And two or three weeks later, behold, we learned about two other islands that had been subject of agreements made between Chinese “investors” and the government as part of China’s Belt and Road Initiative: Fuga Island off Cagayan—one wonders what former senator Juan Ponce Enrile has to say about it; and Grande (and Chiquita) Island off Subic. What prescience De Lima had. Fuga is about 10,000 hectares, which makes Pogo-land look like a grain of sand, and Grande is definitely larger than Pogo-land.
Sen. Panfilo Lacson calls these two projects “suspicious,” and Defense Secretary Delfin Lorenzana has also cast doubts on them in the name of national security. Thank the Lord there are people who are thinking of the Philippines as a whole, and whose brains are definitely larger than the pea-brained idiots who thought of the projects. Where have the latter been all this time, sleeping? How could they possibly ignore the implications? As the saying goes, it is hardest to wake a man who is pretending to be asleep.
With President Duterte’s entrance into the picture in 2016, the AEPs issued to Chinese more than doubled—from 9,114 in 2015 to 18,920 in 2016. The number of Koreans issued AEPs remained about the same in 2016 as 2012. And the latest data (2018) show that Chinese AEPs shot up to 33,516, or more than three times what it was in the last year of P-Noy’s administration.
The data above are only from the Department of Labor and Employment (Dole). Apparently the Bureau of Immigration (BI) also issues permits—Special Working Permits (SWPs). I have data only for 2017 and 2018, and these show that SWPs issued to Chinese almost quintupled in that period, from 15,500 to 75,400. It seems the BI gave out more permits than the Dole. Hmmm.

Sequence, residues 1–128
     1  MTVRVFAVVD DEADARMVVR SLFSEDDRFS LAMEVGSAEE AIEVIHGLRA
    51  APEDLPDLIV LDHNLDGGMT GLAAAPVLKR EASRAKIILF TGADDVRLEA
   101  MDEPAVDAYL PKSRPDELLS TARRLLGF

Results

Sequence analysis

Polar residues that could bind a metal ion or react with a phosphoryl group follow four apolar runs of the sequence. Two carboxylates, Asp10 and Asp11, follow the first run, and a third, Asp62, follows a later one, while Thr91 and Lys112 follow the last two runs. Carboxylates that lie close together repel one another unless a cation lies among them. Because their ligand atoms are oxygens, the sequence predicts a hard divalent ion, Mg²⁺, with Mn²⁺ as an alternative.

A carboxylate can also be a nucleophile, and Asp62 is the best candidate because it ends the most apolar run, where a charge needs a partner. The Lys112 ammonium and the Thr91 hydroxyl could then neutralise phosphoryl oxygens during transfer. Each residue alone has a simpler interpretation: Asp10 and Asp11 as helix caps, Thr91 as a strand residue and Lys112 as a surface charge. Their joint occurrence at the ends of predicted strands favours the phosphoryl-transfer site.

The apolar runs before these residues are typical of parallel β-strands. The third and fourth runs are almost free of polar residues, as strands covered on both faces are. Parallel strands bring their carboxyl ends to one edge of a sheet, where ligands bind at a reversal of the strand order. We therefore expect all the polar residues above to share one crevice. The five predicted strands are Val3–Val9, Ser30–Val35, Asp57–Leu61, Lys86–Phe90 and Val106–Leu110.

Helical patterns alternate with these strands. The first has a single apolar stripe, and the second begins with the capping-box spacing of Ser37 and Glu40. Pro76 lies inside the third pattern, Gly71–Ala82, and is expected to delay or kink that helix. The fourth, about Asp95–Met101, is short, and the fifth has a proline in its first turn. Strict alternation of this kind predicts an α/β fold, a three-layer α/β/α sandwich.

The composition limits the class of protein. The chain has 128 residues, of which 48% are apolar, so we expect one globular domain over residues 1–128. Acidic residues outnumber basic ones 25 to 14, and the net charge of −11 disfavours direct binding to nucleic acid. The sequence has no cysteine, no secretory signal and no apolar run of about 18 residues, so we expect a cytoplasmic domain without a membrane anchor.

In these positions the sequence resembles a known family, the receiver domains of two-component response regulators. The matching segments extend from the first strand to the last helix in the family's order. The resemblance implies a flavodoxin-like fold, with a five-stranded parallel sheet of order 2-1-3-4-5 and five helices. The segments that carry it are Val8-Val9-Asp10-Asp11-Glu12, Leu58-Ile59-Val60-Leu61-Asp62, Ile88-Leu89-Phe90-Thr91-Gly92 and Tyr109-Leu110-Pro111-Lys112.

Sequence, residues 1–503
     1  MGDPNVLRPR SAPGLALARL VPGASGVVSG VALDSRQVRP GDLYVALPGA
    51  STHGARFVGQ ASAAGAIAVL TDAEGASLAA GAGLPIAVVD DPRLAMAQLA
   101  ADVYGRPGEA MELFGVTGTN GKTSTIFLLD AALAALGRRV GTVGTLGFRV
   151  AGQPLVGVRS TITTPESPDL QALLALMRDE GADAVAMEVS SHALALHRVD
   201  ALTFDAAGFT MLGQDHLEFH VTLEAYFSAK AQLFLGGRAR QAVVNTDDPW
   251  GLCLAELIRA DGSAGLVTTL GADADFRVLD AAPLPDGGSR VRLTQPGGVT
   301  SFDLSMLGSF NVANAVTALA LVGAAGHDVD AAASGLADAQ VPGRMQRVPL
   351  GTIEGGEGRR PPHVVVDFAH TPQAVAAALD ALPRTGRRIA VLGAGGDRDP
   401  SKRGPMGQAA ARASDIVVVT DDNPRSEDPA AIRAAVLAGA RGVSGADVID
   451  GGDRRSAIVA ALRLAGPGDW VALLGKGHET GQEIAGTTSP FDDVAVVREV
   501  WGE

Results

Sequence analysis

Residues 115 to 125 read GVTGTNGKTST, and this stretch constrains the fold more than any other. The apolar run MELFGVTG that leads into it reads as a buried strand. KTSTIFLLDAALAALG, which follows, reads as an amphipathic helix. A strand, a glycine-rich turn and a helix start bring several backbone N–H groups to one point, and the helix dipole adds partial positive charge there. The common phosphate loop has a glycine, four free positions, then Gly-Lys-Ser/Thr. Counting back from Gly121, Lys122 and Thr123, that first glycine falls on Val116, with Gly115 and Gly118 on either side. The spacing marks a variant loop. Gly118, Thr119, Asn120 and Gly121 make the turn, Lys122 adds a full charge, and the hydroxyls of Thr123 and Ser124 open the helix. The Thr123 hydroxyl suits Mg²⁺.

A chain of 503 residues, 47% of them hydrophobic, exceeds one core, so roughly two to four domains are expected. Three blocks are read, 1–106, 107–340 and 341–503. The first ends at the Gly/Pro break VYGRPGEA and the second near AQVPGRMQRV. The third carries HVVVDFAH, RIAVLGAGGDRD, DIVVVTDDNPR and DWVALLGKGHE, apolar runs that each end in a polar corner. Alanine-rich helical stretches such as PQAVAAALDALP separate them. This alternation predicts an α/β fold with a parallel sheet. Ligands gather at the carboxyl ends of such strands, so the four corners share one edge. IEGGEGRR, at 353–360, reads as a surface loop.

So, in 2018 alone, almost 110,000 Chinese were given permits to work. Apparently, almost all in the Pogo business, because I have noted only one Chinese infrastructure project being implemented, while Pagcor admits to granting 55 licenses to Pogos although “only 50” are in operation. Wow. An industry which is outlawed in China is given the royal treatment here. One would think China would be running after these people or asking this administration to extradite them to China for prosecution. As one acquaintance put it, they all look like they are military-age.
Doesn’t that sound like colonizers, actually? That sounds like an invasion. I don’t know what those offshore gaming workers do, but it doesn’t sound like they are an asset for the Philippines. More like liabilities.
Philippine military looking at security risks of Chinese POGO workers
THE Philippine military is looking at the security risks of Chinese-dominated online gaming operations in the capital, where gambling centers are very near military installations, Defense Secretary Delfin N. Lorenzana told The Chiefs segment on Cignal’s One News Channel.
“We are still verifying that,” the Defense chief said when asked if Philippine Online Gaming Operations or POGOs present security risks.